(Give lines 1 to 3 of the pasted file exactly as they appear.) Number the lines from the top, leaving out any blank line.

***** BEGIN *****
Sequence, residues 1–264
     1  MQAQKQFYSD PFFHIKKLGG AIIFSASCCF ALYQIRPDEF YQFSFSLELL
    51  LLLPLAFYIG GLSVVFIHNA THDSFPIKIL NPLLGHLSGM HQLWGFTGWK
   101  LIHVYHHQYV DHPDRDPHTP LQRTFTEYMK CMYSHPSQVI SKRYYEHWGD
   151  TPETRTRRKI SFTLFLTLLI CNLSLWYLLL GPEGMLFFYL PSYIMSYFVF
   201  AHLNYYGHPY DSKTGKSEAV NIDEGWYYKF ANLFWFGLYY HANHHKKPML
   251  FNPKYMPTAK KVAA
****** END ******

Sequence, residues 1–264
     1  MQAQKQFYSD PFFHIKKLGG AIIFSASCCF ALYQIRPDEF YQFSFSLELL
    51  LLLPLAFYIG GLSVVFIHNA THDSFPIKIL NPLLGHLSGM HQLWGFTGWK